First feeding of winter flounder (Pseudopleuronectes americanus) larvae: use of Brachionus plicatilis acclimated at low temperatures as live prey

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DOIResolve DOI: http://doi.org/10.1016/S0044-8486(03)00399-5
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TypeArticle
Journal titleAquaculture
Volume229
Issue1-4
Pages361376; # of pages: 16
SubjectPseudopleuronectes americanus; larval fish; feeding; nutritional condition; Brachionus plicatilis; acclimation
AbstractBrachionus plicatilis are used as live prey for rearing winter flounder larvae at first feeding. This rotifer is grown between 20 and 25 °C (its optimal growth temperature) and then introduced into the 10 °C water in which larvae are reared. The rapid thermal difference between the two media is thought to reduce B. plicatilis quality and consequently affect larval rearing efficiency. In order to optimize larval rearing, a study was conducted to compare the effects of two different diets on larval growth performance and nutritional condition: (1) larvae fed B. plicatilis reared at 24 °C and (2) larvae fed B. plicatilis reared at 24 °C but acclimated overnight at 10 °C. Comparisons were undertaken using morphometric measurements, nucleic acid (RNA/DNA) ratios, total protein content, trypsin activity, and triacylglycerol/sterol ratios. Fatty acid composition of larvae was also studied with a focus on the levels and ratios of three essential fatty acids (docosahexaenoic acid or DHA, eicosapentaenoic acid or EPA, and arachidonic acid or AA). Unique information regarding trypsin activity and lipid components (phospholipid, triacylglycerol, and sterol) of winter flounder larvae is provided in this study. Trypsin activity was detected very early in larvae and was not affected by acclimation of prey. Phospholipid, triacylglycerol, and sterol composition showed no significant difference between the two diets tested and was characterized by high phospholipid content as well as low triacylglycerol and sterol contents. EPA, DHA, AA, DHA/EPA, and DHA/AA decreased from days 12 to 26. Interestingly, DHA content was significantly higher in larvae fed acclimated rotifers and AA content decreased significantly in 26-day-old larvae fed acclimated B. plicatilis. Overall results indicate that overnight acclimation of B. plicatilis at 10 °C is not important for optimizing the rearing of winter flounder larvae although it does influence the fatty acid composition.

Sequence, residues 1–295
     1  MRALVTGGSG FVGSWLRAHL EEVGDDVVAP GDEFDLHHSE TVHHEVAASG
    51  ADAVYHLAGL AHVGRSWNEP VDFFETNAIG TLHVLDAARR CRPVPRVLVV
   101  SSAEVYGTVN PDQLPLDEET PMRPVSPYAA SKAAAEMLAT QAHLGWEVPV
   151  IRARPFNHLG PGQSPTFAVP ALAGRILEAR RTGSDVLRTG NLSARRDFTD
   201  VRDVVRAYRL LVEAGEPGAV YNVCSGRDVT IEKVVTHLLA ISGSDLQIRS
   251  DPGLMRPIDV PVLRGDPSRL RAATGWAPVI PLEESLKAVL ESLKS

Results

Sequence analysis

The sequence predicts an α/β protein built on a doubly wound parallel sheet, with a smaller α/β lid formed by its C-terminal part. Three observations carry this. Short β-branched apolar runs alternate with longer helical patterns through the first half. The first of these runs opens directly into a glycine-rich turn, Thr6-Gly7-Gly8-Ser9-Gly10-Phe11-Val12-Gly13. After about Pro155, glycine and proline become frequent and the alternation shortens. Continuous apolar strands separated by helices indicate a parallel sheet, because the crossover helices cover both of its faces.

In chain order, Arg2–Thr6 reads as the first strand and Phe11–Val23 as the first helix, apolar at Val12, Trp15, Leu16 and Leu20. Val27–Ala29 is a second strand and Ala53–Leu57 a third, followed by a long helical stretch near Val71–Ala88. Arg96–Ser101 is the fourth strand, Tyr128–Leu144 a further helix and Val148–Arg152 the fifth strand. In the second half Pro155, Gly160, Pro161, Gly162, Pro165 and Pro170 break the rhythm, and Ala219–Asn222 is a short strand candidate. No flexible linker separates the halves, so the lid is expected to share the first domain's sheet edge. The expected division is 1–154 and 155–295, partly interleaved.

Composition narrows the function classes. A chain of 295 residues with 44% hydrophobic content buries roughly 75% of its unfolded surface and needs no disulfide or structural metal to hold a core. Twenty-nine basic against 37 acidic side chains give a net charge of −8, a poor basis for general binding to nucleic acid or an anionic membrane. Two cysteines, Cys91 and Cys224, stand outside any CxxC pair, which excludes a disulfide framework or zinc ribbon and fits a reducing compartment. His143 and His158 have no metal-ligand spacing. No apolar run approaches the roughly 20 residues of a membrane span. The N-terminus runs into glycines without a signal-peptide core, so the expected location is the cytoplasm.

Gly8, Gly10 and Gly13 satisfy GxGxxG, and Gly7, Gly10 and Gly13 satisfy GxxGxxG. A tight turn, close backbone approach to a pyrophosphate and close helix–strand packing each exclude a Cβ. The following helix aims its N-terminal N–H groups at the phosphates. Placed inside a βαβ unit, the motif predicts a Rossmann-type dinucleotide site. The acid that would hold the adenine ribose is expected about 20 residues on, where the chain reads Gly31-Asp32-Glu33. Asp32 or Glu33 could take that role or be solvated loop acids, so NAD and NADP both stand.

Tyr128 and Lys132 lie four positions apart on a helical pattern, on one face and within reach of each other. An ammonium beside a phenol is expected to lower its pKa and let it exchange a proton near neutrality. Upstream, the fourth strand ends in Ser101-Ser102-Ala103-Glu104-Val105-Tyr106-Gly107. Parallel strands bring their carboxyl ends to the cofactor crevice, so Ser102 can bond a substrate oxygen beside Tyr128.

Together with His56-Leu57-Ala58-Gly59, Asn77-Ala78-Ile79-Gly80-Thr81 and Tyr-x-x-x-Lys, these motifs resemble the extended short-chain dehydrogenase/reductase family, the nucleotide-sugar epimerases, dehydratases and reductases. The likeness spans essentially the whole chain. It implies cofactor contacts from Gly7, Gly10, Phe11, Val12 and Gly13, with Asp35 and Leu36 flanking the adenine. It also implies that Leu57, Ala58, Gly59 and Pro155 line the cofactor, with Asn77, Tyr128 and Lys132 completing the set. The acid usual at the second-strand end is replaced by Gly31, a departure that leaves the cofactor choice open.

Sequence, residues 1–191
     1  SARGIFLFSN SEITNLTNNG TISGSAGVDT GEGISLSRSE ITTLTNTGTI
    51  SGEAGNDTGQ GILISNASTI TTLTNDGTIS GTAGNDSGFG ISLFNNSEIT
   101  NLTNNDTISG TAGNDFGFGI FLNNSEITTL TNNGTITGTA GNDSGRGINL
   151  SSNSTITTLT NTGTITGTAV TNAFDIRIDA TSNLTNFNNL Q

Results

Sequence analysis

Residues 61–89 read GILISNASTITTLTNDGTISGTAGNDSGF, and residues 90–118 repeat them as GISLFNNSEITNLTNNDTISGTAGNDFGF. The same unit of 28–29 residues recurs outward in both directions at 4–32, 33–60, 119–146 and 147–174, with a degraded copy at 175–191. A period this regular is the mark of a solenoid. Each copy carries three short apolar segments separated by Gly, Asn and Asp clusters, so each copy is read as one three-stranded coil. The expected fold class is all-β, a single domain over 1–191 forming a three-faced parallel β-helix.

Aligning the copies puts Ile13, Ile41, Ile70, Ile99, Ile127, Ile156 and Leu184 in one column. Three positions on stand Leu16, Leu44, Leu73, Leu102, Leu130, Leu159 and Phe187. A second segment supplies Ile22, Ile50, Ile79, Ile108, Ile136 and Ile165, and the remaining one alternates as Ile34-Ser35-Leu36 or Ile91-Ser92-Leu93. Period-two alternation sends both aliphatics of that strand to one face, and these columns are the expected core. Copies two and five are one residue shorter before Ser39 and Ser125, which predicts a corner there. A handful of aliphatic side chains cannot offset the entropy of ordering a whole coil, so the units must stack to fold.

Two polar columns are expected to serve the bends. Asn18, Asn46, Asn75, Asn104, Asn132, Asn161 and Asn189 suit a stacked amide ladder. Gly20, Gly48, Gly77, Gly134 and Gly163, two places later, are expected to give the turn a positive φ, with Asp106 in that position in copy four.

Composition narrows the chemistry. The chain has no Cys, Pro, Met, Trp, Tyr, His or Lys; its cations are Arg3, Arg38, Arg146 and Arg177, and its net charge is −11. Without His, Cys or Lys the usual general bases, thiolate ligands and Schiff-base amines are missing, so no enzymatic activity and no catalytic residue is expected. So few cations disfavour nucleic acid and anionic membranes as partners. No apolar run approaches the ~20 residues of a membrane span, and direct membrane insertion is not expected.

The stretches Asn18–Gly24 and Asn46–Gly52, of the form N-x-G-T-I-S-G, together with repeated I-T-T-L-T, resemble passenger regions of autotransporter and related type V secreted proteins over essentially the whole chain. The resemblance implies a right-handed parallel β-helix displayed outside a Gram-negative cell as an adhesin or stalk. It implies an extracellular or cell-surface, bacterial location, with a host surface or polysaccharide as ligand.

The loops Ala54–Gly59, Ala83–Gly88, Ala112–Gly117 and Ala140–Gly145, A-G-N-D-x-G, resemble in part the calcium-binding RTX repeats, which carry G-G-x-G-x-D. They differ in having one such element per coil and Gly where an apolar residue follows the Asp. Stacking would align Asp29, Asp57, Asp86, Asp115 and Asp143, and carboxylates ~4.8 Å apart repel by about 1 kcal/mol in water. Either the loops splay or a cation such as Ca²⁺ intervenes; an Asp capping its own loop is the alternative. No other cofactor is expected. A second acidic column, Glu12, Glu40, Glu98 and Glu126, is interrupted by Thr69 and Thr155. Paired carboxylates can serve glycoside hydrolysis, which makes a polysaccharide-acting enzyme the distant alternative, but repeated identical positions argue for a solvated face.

Publication date
PublisherElsevier
Copyright noticeCopyright 2004 Elsevier B.V. All rights reserved.
LanguageEnglish
AffiliationNational Research Council Canada; NRC Institute for Marine Biosciences
Peer reviewedYes
NRC number1330
42344
NPARC number3538318
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Record identifier1be2b6b8-ac4f-404f-9421-d6b4f7d4b04e
Record created2009-03-01
Record modified2016-05-09
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